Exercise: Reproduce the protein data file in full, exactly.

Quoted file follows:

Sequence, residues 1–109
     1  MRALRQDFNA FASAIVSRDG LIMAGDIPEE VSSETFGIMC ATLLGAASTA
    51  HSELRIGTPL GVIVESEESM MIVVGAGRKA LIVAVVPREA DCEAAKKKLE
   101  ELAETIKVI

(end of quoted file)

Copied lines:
Sequence, residues 1–109
     1  MRALRQDFNA FASAIVSRDG LIMAGDIPEE VSSETFGIMC ATLLGAASTA
    51  HSELRIGTPL GVIVESEESM MIVVGAGRKA LIVAVVPREA DCEAAKKKLE
   101  ELAETIKVI